The Queenslander was left mightily frustrated that luck seemed to desert him on the inward nine on Saturday's third round "moving day" as his two under par 68 still left him tied for ninth on six under for the Championship, six shots behind the leader Louis Oosthuizen going into the final round.

Yet Smith reckoned that he'd put on his all-maroon Sunday best gear as usual to honour his Queensland heritage and then do his utmost to shoot the eight-under-par 62 that he thinks it will take to earn him his first major triumph.

"I still think the chance is there, but it's going to take something pretty special," shrugged Australia's No.1.

"At the top of the leaderboard, Louis and Jordan (Spieth) are great competitors, great winners who've proved themselves so many times before.

"It's going to be tough to get past those. So, yeah, I think hope's still there, but it's very slim."

Cameron Smith acknowledges the crowd after his birdie putt on the 6th green. PHOTO: Getty Images/AFP

Smith was talking at a point when Spieth looked as if he might finish alongside Oosthuizen but the former champion slipped back to finish at nine-under in third place, with last year's PGA winner Collin Morikawa a shot behind Oosthuizen on 11-under.

The Australian reckoned things could so easily have been different on another cloudless day where the winds were pretty becalmed and he rattled off three birdies in the opening nine holes, including an arrowed tee-shot to within a couple of feet of the flag on the short sixth, to go out in 32.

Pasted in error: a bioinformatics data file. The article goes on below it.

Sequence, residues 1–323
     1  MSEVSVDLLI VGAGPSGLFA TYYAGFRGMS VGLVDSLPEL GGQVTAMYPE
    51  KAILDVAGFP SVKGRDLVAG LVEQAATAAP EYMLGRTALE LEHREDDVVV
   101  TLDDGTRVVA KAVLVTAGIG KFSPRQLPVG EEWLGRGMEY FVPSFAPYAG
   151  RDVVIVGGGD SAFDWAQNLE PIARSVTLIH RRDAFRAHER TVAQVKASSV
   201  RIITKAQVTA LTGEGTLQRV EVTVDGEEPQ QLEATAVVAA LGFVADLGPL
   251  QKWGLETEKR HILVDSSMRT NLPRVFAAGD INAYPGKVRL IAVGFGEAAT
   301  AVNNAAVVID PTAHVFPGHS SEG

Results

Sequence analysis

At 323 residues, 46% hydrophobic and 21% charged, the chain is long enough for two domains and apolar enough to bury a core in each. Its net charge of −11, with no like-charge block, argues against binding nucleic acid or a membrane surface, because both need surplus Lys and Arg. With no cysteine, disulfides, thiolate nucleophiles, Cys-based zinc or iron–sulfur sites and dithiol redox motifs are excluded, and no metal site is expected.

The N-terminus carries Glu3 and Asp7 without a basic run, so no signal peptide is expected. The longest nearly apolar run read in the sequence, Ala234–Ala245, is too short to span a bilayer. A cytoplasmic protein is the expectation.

Then the course, typically, got its own back straight after the turn.

"I hit a couple of poor drives on the back nine, had to hack one out backwards at the 10th because the lie was that bad, and followed it up with a really good shot into 11, which hit the slope and came back down," shrugged Smith.

"I'm not making excuses – it's the luck of the draw out here sometimes. I hung in there, made a couple of birdies coming in and it felt really good to birdie 18 and kind of be on the front foot for tomorrow.

"It just makes dinner taste a little bit better tonight.

"But I really felt like if a couple of things had gone our way, we'd have shot a really low one today.

"Because it was a bit of a brutal back nine to be honest; I think I hit the ball just as well as I did on the front, but things just didn't go my way, the putts didn't drop.

"One of the most disappointing nines score-wise I've ever played – so very frustrating."

Smith hits his tee shot from the 16th tee in the third round. PHOTO: Getty Images.

Smith was reminded that Greg Norman, the last Australian winner in the Open on these links in 1993, had once blown a six-shot lead in the Masters over the last 18 holes , so surely still anything was possible?

To which the Brisbane man responded: "If the leader's on 12, probably 14 under will win, so that'll be eight under for me (62) – and that's a really big ask around here.

"You do need a lot of things to go your way, but I feel really good, this was probably my best ball striking round of the week, my game feels like it's there, and that there's a low round in me. It's definitely there."